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Day-one DLC makes sense, Bethesda VP says

Making downloadable content available on the very same day a game releases--AKA day-one DLC--is one of this console generation's biggest faux pas. Gamers liken it to selling a car then, as the buyer pulls out of the lot, charging extra for the Highway Readiness Pack of a windshield and headlights.

Bethesda VP Pete Hines told OXM UK that attitude often comes from a misunderstanding of game development. Artists and other content creators stop making new stuff a good amount of time before the game ships in most workflows, to allow for plenty of testing and polish. Those people might as well be doing something, Hines argues.

"There's a pretty long gap where your artists and designers are fixing a bug if they get one, or they may be playing the game to find bugs, but they're not making a new anything for a long time, and you have creative people who are used to creating--so why would you make them wait some period of time, months in some cases, to start making new stuff so you can say it was after DLC?"

It may sound odd coming from Bethesda, which releases most of its downloadable content months after its corresponding game--as was the case with Skyrim and its first expansion content, Dawnguard.

"It takes a long time to make a Dawnguard or a Dragonborn--it's not the kind of stuff you can just turn around in two weeks or three weeks," Hines said. "it's not that we're trying to put it out much later, we're willing to do it later, we're willing to continue to support it because we continue to believe there's a demand and an interest in that kind of stuff. We're not stalling for stalling's sake."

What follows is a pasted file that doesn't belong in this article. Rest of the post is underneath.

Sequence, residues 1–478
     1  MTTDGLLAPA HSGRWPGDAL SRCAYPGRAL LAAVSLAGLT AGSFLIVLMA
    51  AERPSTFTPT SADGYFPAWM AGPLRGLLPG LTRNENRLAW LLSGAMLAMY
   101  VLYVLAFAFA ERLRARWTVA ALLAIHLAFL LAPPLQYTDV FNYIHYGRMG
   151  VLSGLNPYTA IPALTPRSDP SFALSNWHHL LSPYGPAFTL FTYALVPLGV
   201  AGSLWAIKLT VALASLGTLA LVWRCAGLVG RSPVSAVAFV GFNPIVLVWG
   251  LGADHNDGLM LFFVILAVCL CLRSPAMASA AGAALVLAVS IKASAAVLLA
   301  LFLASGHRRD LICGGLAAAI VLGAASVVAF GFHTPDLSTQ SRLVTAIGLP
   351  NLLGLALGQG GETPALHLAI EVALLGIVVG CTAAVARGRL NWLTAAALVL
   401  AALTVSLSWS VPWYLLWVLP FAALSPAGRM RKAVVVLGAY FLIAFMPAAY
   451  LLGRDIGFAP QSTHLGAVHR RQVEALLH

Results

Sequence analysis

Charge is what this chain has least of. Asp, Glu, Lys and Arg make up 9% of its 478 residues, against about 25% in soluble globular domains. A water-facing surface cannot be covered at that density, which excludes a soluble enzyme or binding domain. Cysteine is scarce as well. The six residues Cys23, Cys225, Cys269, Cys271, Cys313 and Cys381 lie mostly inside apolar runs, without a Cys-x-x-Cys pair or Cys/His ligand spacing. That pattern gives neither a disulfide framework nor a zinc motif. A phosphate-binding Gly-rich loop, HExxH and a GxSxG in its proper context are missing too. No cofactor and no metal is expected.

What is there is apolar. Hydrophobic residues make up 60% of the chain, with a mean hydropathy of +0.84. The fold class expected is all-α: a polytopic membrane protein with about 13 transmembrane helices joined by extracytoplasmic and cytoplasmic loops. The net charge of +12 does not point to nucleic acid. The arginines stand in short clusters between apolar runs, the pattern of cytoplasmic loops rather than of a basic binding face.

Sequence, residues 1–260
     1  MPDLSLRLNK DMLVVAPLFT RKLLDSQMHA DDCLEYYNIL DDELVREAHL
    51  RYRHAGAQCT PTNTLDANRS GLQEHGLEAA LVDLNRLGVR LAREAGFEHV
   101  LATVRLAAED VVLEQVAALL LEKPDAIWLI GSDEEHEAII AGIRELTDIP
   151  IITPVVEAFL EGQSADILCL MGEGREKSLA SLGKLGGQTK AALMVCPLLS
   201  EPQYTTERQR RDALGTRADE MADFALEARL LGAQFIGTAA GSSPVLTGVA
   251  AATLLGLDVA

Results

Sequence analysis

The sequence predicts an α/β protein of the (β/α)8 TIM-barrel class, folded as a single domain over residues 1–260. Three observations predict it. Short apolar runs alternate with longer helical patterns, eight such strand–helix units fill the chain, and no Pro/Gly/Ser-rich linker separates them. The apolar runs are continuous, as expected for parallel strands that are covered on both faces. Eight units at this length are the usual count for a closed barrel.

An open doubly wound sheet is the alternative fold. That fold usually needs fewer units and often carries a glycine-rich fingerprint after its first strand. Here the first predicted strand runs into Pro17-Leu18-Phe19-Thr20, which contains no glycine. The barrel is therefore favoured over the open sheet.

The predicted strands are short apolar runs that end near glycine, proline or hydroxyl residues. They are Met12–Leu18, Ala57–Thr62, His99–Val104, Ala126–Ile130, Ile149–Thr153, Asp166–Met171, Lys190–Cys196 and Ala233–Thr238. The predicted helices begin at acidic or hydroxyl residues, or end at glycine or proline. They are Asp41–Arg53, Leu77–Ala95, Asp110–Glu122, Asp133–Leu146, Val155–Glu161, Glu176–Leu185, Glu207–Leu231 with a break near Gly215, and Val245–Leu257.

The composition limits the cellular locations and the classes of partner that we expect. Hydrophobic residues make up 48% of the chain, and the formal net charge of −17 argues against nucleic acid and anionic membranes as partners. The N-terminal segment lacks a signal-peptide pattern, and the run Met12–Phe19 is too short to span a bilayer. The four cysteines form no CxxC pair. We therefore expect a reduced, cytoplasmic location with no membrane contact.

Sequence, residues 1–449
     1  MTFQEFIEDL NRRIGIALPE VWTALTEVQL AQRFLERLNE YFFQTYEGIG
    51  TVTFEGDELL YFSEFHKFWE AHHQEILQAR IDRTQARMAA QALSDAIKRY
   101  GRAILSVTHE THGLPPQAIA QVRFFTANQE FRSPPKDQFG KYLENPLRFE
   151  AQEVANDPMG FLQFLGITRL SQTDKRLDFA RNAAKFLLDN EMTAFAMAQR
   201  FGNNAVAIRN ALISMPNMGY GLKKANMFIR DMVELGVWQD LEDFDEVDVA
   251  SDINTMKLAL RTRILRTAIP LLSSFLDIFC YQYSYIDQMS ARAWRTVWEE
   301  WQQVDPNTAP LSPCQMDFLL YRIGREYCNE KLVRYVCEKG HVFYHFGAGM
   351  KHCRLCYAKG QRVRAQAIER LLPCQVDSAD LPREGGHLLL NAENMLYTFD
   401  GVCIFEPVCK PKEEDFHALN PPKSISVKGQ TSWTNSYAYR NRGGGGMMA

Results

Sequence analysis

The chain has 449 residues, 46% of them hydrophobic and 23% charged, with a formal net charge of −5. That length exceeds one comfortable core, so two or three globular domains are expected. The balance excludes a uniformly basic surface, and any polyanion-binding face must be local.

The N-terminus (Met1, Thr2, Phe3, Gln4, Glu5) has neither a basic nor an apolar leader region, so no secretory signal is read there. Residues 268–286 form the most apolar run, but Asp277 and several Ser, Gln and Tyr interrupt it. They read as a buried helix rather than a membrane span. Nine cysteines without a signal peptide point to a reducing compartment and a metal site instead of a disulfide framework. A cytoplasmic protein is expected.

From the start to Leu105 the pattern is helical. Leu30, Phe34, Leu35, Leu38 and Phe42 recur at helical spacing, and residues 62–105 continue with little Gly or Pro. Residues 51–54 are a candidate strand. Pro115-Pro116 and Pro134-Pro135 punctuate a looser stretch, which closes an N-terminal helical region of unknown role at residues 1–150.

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8 comments

  • PoisonWar - April 11, 2013 7:10 a.m.

    Yeah it makes sense while the rayman developers made 30 additional levels which they're giving away for free. Good job Bethesda. Its just developers squeezing as much money as possible.
  • ParagonT - April 11, 2013 5:51 a.m.

    Sounds good in theory.... if your an honest company, but eventually there will be a time when many companies will take advantage of that lull in judgement from consumers. Companies are here to make money, so its a boulder that will be pushed and pushed to see how far it goes.
  • Scuju - April 11, 2013 5:46 a.m.

    What Mr Hines has done here is cleverly dodged the question: yes there is a latency before sale day which could be put to good use. Good use to the following dlc however, not ironing out bugs for the basic game. This is not extra content, this is the fundamental ability to play the game, and as such should have been done during the development process, and before shipping. The danger with this practice, as we saw with Skyrim, is that without a deadline which can be pushed back (rather than the game physically being sold in retail), sometimes developers and qa testers can’t iron out all the bugs. You can’t unrelease a game if it’s already been bought by John Smith. This results in unfinished code being distributed. Day one dlc does not help the consumer, only in this case Bethesda, by tightening their margins and saving time/money on their content turnaround. While on paper this doesn’t have to be an issue, it makes the stakes so much higher. So yes, please Mr Hines, do get your developers to start creating ADDITIONAL contact as soon as possible, but just make sure the basics are down first. Naughtly Mr Hines, question dodging…